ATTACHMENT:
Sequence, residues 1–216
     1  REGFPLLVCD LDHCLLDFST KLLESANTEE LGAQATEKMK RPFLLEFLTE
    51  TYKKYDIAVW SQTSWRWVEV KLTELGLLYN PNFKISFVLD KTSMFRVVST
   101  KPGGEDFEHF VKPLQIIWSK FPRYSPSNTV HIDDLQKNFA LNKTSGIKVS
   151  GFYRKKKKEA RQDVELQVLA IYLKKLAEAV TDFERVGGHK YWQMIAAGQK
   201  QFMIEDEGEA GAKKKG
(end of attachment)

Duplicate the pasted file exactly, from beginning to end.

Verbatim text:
Sequence, residues 1–216
     1  REGFPLLVCD LDHCLLDFST KLLESANTEE LGAQATEKMK RPFLLEFLTE
    51  TYKKYDIAVW SQTSWRWVEV KLTELGLLYN PNFKISFVLD KTSMFRVVST
   101  KPGGEDFEHF VKPLQIIWSK FPRYSPSNTV HIDDLQKNFA LNKTSGIKVS
   151  GFYRKKKKEA RQDVELQVLA IYLKKLAEAV TDFERVGGHK YWQMIAAGQK
   201  QFMIEDEGEA GAKKKG